The Sunday News
Sithabile Gandi Ndlovu
AN innovation strategy is a plan used by an organisation or enterprise of any size to encourage advancements in technology or services usually by investing money in research and development activities. An innovation strategy is not about the selection of activities that are divergent from those of competitors (although that is the general misconception), but rather it is about creating products and services that are viable to the market and profitable as well.
Technology in business is a growing necessity, innovation breeds business and since technology paves the way for it, it can therefore be concluded that businesses need technology to be sustained. The Information Technology (IT) Revolution, describes current economic, social, and technological trends beyond the industrial revolution. The main feature for the revolution is the growing economic, social and technological role of information. The IT revolution extends far beyond the technology sector, in any case all kinds of organisations not just tech companies are finding ways to leverage IT to improve their business processes.
Both new and old economy firms must embrace IT as both can benefit from the revolution. Business leaders should however, work to create a competitive setting for all business survival and success in a high tech era. This can be achieved through investing in IT infrastructures and providing the right educational programs at adequate scale to meet new skill requirements of employees. It is important that leaders invest in the development of key competencies. Influencers must also insist that their organisations lead in effective use of new technologies and that the local provincial areas build a strong relationship with provincial areas abroad. The local provincial areas must understand the changing nature of their business environment and respond nimbly to its demands, this as a result will create the best environments for a firm and economic growth.
Technology can be regarded as a primary source in economic development and there are various technological changes that have the potential to contribute significantly in the development of underdeveloped countries such as ours. Technology development and economic growth are inextricably interwoven. The level of technology is an important determinant of economic growth. If technology becomes constant the process of growth stops, hence it’s the technological progress which keeps the economy moving. Research shows that inventions and innovations have been largely responsible for rapid economic growth rate in developed countries. Studies have shown that technological advancement is even more important than capital formation, which is the net capital accumulated during an accounting period for a particular country. However, capital formation alone cannot bring out economic development, it can only do so up to a limited extent and the progress stops if there are no technological changes.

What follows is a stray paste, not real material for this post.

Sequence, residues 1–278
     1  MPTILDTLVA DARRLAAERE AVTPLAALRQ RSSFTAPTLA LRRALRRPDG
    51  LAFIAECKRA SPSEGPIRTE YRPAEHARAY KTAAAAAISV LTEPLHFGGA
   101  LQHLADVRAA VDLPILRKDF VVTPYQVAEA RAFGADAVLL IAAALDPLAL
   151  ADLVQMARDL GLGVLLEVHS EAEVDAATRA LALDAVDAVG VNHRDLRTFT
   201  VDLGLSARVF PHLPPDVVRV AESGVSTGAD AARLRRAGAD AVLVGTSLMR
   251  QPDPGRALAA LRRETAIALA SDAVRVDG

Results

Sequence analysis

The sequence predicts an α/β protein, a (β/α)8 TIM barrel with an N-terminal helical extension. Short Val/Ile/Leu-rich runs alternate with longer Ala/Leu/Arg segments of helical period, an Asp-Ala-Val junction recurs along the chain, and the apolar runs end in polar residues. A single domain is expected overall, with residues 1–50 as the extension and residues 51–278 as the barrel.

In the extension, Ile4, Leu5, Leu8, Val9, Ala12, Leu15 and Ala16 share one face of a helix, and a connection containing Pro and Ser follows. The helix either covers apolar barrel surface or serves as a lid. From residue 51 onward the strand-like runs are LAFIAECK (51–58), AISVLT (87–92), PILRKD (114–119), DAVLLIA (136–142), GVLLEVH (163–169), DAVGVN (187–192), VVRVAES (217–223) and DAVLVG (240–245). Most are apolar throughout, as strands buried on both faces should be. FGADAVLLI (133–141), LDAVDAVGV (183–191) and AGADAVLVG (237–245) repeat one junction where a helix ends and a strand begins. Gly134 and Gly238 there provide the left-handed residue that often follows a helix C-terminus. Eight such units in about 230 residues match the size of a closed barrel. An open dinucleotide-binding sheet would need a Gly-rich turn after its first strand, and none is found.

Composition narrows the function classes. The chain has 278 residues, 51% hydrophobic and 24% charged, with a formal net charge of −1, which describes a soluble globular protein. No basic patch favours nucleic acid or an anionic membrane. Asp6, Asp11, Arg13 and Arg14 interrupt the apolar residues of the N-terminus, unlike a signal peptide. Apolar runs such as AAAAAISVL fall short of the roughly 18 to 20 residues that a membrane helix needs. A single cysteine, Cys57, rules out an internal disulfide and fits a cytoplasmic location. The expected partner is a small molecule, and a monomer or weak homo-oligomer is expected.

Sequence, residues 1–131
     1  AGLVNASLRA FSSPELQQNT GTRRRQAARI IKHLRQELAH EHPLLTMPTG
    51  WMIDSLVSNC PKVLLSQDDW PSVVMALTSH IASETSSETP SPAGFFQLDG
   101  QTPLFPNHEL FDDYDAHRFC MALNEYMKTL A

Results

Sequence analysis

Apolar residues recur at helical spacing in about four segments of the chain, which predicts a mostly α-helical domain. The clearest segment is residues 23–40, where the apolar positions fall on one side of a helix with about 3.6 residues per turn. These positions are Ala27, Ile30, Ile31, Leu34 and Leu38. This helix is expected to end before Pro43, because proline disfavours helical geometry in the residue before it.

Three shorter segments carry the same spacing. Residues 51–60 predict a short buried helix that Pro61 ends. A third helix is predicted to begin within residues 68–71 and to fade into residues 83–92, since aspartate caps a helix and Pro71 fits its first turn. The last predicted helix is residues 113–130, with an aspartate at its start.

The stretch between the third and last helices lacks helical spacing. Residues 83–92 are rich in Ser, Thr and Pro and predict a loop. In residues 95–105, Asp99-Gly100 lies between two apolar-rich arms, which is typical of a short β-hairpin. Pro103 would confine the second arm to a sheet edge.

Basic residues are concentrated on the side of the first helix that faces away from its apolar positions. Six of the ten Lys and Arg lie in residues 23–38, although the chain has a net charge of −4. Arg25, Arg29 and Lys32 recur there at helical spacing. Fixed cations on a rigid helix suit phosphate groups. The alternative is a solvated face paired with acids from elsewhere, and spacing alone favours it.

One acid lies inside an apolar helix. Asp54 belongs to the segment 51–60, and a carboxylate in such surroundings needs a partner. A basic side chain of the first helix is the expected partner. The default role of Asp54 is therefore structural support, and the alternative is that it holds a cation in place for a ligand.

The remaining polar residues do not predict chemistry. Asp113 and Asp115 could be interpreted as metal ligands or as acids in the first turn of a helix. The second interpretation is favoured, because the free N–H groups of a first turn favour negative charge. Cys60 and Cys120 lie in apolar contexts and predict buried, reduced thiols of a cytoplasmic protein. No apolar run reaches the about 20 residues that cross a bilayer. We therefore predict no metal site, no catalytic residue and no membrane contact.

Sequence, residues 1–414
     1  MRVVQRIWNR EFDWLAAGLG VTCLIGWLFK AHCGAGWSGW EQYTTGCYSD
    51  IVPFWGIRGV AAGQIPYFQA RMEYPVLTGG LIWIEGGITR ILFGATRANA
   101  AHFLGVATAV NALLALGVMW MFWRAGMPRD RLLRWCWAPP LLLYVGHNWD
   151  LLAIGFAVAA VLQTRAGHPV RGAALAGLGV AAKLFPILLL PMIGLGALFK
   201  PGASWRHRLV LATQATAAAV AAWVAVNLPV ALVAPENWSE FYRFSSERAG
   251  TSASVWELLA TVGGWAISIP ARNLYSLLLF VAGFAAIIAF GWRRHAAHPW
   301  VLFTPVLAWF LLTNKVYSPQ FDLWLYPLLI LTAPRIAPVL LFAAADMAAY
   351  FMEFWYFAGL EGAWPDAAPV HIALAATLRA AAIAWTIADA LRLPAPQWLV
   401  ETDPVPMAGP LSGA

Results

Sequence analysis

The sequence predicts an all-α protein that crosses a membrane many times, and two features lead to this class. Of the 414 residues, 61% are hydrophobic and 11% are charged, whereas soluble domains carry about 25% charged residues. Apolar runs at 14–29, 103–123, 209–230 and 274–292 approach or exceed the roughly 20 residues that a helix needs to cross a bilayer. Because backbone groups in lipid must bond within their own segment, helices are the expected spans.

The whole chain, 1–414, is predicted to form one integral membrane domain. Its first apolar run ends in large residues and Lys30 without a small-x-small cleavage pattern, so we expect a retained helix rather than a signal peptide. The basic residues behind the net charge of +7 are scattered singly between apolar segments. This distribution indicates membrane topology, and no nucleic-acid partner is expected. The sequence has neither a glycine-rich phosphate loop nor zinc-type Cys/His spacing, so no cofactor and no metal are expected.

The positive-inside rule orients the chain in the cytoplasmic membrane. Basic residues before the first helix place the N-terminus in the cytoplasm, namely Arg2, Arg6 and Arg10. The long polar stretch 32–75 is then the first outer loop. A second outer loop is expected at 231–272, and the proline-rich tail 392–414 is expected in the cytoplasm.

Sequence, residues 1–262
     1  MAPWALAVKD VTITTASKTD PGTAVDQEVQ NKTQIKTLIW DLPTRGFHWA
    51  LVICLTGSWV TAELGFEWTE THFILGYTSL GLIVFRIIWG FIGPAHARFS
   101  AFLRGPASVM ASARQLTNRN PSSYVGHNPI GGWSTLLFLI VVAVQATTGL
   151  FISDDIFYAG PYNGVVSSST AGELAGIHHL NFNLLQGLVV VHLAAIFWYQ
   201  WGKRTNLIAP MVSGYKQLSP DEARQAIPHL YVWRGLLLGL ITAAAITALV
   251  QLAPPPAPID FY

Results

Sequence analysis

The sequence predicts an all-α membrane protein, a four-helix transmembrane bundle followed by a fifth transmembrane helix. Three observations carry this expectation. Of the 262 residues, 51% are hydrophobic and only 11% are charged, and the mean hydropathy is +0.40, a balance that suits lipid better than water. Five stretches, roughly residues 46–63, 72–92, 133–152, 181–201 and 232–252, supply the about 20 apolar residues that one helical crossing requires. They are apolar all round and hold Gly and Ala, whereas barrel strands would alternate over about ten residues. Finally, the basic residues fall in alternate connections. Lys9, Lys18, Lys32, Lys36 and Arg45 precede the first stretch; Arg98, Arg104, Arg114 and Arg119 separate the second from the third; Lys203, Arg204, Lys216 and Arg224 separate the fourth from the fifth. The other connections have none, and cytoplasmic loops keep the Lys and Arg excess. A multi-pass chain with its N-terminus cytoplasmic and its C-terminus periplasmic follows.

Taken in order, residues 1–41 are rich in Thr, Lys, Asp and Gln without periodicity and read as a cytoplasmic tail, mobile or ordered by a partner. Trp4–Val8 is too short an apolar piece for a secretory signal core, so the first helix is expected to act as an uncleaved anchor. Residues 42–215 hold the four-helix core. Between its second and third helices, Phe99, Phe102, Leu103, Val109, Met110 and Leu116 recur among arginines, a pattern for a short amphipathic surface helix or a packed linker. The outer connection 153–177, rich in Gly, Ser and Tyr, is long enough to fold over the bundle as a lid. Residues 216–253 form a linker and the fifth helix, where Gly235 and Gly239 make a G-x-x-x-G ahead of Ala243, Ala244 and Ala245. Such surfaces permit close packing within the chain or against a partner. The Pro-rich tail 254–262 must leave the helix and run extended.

Nations that have business leaders that spend more on science and technical infrastructure and development will tend to grow faster than other countries where accumulation of capital is a core for businesses and less is spent on technology investments.
As we have experienced a time of deteriorating growth in our economy and continued volatility, it is safe to assume that many business leaders are looking for policies that stimulate growth and create new jobs while cutting costs and increasing efficiency. It is not only one of the fastest growing industries with a potential to directly create millions of jobs but it is also an important enabler of innovation and development.
The IT spending volume is the corporate spending for hardware, software, data centres, networks, and staff for both internal and outsourced IT services. Currently this volume is close to US$ 4 trillion per year across the globe. Meaning that if we were to put this number on an illustrative perspective and consider the global technology economy as a country and its yearly spending the GDP, it would be ranked the third largest economy between the economies of China and Japan, and more than double the size of the economy in the United Kingdom.
Technology spending, gross margins and economic growth have a strong relationship when measured by productivity and GDP. Within most companies around the globe, in every industry technology investment is growing faster than revenues and in many cases faster than the GDP of any country. It must be clear to all companies that technology is vital to the success of their operations and to the global economy at large, but not being able to manage spending within a few years ahead will require an increasingly sophisticated way of looking at the world and at a company’s performance. Zimbabwean business leaders will need to go through a complete paradigm shift in order to appropriately implement the technological strategies that will impact the economic renaissance of the nation.
It is vital that organisations be realistic about the number of innovations they want to undertake at a given time. The riskiest thing is to take no risk however, organisations must be careful to avoid overdoing it. Technology is evolving at a rapid state and those that do not go aboard the “tech train” will surely get left behind.